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Stages III and IV Breast Cancer

Stages III and IV Breast Cancer


This chapter addresses the diagnosis and management of locally advanced, locally recurrent, and metastatic breast cancer, that is, stages III and IV disease. Approximately 20% to 25% of patients present with locally advanced breast cancer. Inflammatory breast cancer is a particularly aggressive form of breast cancer that falls under the heading of locally advanced disease and accounts for 1% to 3% of all breast cancers.

Locoregional recurrence of breast cancer remains a major oncologic problem. Rates of locoregional recurrence may vary from < 10% to > 50%, depending on initial disease stage and treatment.

Metastatic disease is found at presentation in 5% to 10% of patients with breast cancer. The most common sites of distant metastasis are the lungs, liver, lymph nodes, and bone.

The optimal therapy for stage III breast cancer continues to change. Neoadjuvant chemotherapy has been effective in downstaging locally advanced breast cancer prior to surgical intervention. The optimal neoadjuvant chemotherapeutic regimens continue to evolve, and studies are currently being performed to evaluate new agents and delivery methods.


Locally Advanced Disease

Patients with locally advanced breast cancer do not have distant metastatic disease; they are categorized in this group based on tumor size and/or nodal status. Such patients often present with a large breast mass or axillary nodal disease that is easily palpable on physical examination. In some instances, the breast is diffusely infiltrated with disease, and no dominant mass is evident.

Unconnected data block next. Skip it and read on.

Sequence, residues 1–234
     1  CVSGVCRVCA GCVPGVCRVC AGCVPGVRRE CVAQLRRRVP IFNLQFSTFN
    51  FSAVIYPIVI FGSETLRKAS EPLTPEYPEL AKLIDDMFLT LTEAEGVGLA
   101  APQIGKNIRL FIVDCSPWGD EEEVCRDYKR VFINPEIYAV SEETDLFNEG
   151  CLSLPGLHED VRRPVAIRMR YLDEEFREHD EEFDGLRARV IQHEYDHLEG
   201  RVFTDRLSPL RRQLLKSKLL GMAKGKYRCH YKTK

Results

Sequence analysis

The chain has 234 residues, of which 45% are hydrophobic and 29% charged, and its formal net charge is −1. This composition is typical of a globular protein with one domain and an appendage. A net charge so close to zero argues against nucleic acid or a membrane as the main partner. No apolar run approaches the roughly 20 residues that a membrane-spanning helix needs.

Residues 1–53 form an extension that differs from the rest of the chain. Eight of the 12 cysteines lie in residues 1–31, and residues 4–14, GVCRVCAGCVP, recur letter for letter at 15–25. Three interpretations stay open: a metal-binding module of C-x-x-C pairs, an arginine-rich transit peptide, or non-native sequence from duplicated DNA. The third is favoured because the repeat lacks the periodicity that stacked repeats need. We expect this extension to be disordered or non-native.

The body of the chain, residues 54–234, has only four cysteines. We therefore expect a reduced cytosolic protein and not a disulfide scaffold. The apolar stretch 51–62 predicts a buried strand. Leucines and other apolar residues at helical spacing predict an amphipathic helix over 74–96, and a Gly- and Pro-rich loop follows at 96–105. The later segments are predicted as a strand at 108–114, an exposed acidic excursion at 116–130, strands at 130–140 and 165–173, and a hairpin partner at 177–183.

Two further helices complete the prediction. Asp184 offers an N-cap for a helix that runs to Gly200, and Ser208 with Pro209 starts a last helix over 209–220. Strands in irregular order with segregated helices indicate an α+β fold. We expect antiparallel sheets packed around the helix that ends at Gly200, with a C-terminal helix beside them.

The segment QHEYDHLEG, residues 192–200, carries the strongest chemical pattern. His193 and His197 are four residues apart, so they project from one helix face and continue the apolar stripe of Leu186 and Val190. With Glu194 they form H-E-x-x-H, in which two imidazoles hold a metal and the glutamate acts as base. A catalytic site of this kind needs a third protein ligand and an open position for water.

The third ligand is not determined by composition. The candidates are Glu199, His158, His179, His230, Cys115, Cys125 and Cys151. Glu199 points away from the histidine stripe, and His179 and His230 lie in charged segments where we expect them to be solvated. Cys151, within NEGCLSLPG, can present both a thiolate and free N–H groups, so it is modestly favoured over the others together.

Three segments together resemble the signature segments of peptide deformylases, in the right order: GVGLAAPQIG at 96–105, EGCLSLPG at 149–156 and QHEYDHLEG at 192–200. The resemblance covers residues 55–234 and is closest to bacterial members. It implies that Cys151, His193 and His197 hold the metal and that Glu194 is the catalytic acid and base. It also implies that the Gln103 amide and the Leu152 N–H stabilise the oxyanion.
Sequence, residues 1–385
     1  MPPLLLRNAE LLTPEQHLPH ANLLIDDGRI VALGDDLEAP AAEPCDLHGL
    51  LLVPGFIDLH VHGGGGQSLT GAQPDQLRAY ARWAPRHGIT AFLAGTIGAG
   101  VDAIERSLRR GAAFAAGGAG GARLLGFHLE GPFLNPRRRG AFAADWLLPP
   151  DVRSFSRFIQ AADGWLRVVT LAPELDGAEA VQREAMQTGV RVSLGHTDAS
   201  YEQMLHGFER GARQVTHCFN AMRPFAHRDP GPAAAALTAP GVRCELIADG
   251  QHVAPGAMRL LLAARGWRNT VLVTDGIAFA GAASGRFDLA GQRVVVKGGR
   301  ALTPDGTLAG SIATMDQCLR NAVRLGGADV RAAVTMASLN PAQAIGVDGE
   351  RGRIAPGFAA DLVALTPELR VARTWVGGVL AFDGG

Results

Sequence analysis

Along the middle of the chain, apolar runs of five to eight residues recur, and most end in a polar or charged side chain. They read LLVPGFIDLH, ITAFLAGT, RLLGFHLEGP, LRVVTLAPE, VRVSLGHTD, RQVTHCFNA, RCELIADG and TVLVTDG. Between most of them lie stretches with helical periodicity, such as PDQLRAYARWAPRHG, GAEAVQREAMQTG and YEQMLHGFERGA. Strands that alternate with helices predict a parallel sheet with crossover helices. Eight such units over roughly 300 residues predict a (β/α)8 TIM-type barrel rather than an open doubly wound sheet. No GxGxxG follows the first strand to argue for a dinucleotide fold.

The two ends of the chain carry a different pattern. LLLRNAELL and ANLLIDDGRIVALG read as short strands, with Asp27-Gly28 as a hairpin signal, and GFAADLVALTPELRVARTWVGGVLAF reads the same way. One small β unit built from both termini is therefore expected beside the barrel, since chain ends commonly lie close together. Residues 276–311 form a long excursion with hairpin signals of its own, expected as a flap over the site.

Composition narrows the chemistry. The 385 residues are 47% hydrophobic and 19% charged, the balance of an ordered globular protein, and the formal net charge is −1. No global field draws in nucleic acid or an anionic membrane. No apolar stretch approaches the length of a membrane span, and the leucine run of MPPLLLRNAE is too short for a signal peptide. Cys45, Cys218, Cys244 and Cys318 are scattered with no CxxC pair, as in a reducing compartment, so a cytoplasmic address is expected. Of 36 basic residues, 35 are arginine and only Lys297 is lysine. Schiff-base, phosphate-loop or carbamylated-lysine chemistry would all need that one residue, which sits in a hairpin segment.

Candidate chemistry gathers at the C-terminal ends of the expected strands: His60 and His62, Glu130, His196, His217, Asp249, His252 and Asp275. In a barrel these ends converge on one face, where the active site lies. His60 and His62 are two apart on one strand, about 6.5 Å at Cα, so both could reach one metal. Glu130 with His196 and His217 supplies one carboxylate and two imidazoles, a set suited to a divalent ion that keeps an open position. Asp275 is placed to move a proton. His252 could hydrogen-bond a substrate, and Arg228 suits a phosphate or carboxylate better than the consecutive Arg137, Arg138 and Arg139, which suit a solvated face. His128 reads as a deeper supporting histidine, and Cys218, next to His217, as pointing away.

Patients with inflammatory breast cancer often present with erythema and edema of the skin of the breast (peau d’orange); they may not have a discrete mass within the breast. These patients often are treated with antibiotics unsuccessfully for presumed mastitis before they are diagnosed with breast cancer.


Mammography is beneficial in determining the local extent of disease in the ipsilateral breast, and in studying the contralateral breast.

Fine-needle aspiration or core biopsy

In the locally advanced setting, although breast cancer can be confirmed by either fine-needle aspiration (FNA) cytology or core biopsy, the latter is preferred. Core biopsy provides sufficient tissue to perform the wide variety of marker analyses. When there is suspicion of inflammatory breast carcinoma, a skin biopsy is also recommended to ascertain the presence of dermal lymphatic invasion. Because the diagnosis of inflammatory breast cancer is based on clinical findings, a negative skin biopsy does not preclude the diagnosis.

Search for metastasis

The presence of distant metastatic disease should be ruled out by physical examination, chest x-ray, bone scan, and contrast enhanced CT scans of the chest, abdomen, and pelvis. 18Fluorodeoxyglucose positron emission tomography (FDG-PET) has moderate accuracy for detecting axillary metastasis. It is highly predictive of nodal involvement when multiple intense foci of tracer uptake are identified, but it fails to detect small nodal metastasis. However, addition of FDG-PET to the standard workup of patients with locally advanced breast cancer may lead to the detection of unexpected distant metastases. Abnormal PET findings should be confirmed to prevent patients from being denied appropriate treatment.